Page 8: The Hippo had a baby with the Muskrat because she wanted a hippopotomuskrat!New Species Alert

Things You Didn’t Know . . .in French

Student Work is one of my favorite things. Especially the following pages of an assigned French “Burn Book”… I hope you enjoy it as much as I did!

l'Album Brulant

Page 1: Your garbage man made friends out of garbage at his home because he smelled so bad that nobody loved him. The Garbage Man

Page 2: Your waiter watched you at your house last night because he thought you were pretty.Your Waiter/Stalker

Page 3: Your butcher became a vegetarian ten years ago because he loved animals. Your Butcher

Pate 4: Your gas station attendant stole 9 cars last week because he had the opportunity.Your Gas Station Attendant

Page 5: Your fireman set fire to a house in Ohio because he was a pyromaniac. Your Fireman

Page 6: Your librarian never learned to read because she went to a bad school.Your Librarian

Page 7: Your taxi-driver bought a GPS because he didn’t like maps.Your Taxi Driver

Page 8: The neighbourhood homeless man won the lottery recently, because he was lucky.

 Your Neighbourhood Bum

Reflections on being “home”…

This was written in June of 2007, shortly after returning home from a year spent living in Aix-en-Provence.

crossing under

I’m there…here…

When all is said and done, I’ve decided that going abroad is sort of like being a chronic not-dater. Nobody really gets it unless they’re in the exact same situation. So you end up sounding lame and whiny whenever you discuss said subjects.

Every time I begin a sentence with “In France…” or say, “When I was in France…” I feel like an unforgivable snob. And a poser. I mean, I wasn’t in France on vacation or anything. It wasn’t like I was pall-ing it up with Johnny Depp in his Villa. It’s just that, if ever speaking about France, I’m obliged to say “In France”, because that is, in fact, where I was. I can’t help that it sounds pretentious! But the other day I was talking to someone and I said “I haven’t been to the gym since I was in Paris!” (by the way, slight exaggeration, but only slight)…and they sort of rolled their eyes at me, as if to say “Oh right, back when you were in PAAAARIS. Sheesh.”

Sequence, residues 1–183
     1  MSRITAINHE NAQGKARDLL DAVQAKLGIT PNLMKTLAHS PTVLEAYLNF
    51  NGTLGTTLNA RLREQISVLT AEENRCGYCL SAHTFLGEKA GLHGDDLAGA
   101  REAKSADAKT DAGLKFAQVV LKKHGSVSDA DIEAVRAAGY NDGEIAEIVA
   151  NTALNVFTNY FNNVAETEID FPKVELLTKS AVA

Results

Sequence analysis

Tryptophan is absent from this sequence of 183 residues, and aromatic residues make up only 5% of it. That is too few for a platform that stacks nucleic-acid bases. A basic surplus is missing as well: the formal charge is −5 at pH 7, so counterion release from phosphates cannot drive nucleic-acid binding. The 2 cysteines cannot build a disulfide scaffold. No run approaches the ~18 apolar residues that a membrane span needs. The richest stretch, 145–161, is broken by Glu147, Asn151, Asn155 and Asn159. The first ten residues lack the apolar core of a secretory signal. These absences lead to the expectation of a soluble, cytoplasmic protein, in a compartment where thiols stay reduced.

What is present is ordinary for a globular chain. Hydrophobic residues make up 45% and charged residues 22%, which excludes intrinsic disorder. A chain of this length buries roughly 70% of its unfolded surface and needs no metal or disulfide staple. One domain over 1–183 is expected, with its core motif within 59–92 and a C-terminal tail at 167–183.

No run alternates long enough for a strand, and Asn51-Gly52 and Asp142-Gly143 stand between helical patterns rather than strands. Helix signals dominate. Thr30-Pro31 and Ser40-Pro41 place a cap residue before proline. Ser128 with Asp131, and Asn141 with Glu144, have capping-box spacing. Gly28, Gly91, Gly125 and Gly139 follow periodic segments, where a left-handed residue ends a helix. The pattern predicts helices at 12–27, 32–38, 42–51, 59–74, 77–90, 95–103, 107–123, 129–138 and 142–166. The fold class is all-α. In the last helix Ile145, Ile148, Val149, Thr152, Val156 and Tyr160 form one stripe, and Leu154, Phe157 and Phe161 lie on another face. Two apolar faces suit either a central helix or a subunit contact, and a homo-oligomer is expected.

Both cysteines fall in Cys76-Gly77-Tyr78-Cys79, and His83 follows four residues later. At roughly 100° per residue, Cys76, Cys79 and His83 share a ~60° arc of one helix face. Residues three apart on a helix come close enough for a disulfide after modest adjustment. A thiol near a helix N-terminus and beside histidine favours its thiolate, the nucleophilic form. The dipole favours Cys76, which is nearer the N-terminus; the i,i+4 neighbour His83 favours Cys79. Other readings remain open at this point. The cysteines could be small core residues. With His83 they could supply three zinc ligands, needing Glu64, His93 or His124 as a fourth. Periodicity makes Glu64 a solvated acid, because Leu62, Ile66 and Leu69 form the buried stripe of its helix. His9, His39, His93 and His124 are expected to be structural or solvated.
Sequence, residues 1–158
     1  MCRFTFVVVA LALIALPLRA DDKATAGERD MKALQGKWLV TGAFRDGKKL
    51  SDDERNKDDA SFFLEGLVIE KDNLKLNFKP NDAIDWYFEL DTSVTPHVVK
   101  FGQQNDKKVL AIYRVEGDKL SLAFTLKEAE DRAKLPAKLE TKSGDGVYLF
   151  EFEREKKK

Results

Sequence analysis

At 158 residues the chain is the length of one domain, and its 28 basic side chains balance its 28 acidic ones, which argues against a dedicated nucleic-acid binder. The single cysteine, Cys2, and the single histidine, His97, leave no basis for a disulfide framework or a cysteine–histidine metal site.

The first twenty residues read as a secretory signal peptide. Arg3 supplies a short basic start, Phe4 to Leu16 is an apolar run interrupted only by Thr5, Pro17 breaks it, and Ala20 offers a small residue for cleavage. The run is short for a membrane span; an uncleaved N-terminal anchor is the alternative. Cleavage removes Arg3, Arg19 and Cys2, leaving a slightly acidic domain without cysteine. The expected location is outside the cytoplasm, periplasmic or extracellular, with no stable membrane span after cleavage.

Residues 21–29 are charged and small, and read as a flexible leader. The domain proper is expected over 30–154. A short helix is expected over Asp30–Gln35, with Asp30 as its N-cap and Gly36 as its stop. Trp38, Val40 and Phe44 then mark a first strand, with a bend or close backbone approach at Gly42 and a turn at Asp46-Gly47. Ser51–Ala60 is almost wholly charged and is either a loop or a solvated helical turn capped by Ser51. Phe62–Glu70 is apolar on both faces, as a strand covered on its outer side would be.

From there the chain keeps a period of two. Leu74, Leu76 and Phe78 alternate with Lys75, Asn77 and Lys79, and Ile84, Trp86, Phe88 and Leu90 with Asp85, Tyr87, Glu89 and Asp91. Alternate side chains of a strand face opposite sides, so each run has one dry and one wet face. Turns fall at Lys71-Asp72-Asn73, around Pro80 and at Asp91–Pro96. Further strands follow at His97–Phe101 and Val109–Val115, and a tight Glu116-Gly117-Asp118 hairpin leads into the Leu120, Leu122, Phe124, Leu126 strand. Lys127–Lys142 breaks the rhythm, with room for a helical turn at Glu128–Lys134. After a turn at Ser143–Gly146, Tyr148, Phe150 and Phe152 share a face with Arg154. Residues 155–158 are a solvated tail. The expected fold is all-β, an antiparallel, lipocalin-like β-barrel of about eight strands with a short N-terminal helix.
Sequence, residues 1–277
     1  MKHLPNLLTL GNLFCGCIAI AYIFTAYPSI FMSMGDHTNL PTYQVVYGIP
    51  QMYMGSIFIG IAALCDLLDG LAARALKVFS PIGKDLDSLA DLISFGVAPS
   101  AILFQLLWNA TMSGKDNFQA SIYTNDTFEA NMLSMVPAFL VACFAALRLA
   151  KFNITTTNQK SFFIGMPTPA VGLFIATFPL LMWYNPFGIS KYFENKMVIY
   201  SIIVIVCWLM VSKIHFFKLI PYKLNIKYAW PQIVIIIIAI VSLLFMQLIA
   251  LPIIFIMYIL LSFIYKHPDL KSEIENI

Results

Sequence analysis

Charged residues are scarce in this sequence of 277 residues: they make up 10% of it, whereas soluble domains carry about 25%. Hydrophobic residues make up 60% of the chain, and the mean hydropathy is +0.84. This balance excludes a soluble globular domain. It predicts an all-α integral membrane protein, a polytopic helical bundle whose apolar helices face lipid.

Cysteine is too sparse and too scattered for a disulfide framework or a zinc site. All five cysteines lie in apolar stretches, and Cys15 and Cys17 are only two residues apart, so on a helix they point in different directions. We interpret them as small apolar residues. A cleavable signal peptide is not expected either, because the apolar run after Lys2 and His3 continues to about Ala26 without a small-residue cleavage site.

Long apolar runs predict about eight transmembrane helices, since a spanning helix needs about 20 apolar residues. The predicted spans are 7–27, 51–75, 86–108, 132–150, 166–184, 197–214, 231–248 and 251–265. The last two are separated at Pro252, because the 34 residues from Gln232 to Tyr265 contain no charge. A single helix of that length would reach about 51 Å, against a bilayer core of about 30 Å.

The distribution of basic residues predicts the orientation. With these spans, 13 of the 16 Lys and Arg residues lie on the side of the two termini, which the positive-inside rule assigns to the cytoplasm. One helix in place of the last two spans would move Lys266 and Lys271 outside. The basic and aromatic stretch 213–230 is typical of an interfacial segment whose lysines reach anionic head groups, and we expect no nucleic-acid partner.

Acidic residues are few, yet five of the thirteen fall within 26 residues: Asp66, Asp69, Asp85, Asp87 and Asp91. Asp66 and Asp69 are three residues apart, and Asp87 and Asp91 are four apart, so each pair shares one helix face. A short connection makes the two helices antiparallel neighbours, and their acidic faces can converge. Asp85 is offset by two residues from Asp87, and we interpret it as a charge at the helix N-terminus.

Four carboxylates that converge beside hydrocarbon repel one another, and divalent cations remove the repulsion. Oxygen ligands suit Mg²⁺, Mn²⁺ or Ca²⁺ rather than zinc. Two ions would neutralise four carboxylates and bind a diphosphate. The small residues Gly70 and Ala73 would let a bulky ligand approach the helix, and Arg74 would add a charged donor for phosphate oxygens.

In fact, I’m discovering that most people want to hear one of two responses when they ask the inevitable question asked to all first-time-back study-abroaders. And, yes, you know the question. It comes in a few different forms, but is generally the same. “SO, How was FRANCE?” or “Oh my GOSH, how was FRANCE?!?!?!” or even better, “So, FRANCE! Was it just completely amazing?”

The majority of people are looking for one answer: YES.
(The slight acceptable variation being: “Yes, it was incredible.”)

These people, who we will call the “Yessers” are slightly interested in you as something of an oddity for having not been around for the past year, but for the most part, you could’ve just been dead for the semester. Or you could’ve been really bogged down by classes and just not had time for your social life. Either way, to the Yessers, you’re back in their realm, on their turf and nothing has changed. You’re still the same person. You are unchanged. You have not matured or learned anything. You are who you were. And you couldn’t feel more de-valued by them than you do when you speak to them, because you realize that they honestly just don’t care what’s happened to you.

The Yessers are the worst.

Lost but home

The second group of people are slightly better, but only slightly. They are the “Anecdoters”. These people want the funny stuff. They want a few French Smoker stories, French kiss stories (if you have them), French food (and especially alcohol) stories … and that’s about it. You know what? I give MAD props to the Anecdoters just for trying as hard as they do. And they really do learn much more about the whole year than the Yessers, but ultimately, to them, you haven’t really changed much either. And you are integrated back into the natural grain of their lives without so much as a slight blip in the heart moniter.

To be honest, I can’t really blame everybody. Well, the Yessers maybe I can blame a little. But in all honesty, I have been home for almost three weeks and I have no idea what to think. It probably doesn’t help that I don’t know what to say when people ask. Even when it’s just a “Yesser” question.

It’s easier to pretend I was never gone. So much easier.

Sunset at Home

And then I realize that it’s been a year and everything and everyone has changed, but most of all that I’ve changed.

I miss speaking French. I don’t have anyone I can speak it with here, really. I miss living in France. It wasn’t all parties and sight-seeing and wine, you know? It was just real life in a real place. It was calm sometimes and stressful sometimes. I helped cook food and did my laundry. I went to the gym and did my grocery shopping and babysat for spoiled little brats. It was just life. And now, even thought it’s part of me, it’s just not there. Severed. And I know about 5 people that understand that.


So strange. I wonder what I should think?

My Real Life: Living With Roommates

roommatesI have lived with 17 different people since leaving for college back in 2004. 17 is a large number. In my years as what-feels-like a professional roommate, I have learned a lot. I have met some lovely people and some not-so-lovely people. I’ve had some wonderful experiences and some unexpected experiences. I’ve done some growing up. . . some. I might even have begun to understood what is important when living with people. But if nothing else, having roommates cycle through my life has provided me with moments of sheer ridiculousness. I have decided to share them, in all their limited artistic glory, just because they happened. To me. Which is pretty darn wild. SO, with a complete lack of chronological order, it begins.

married bf killer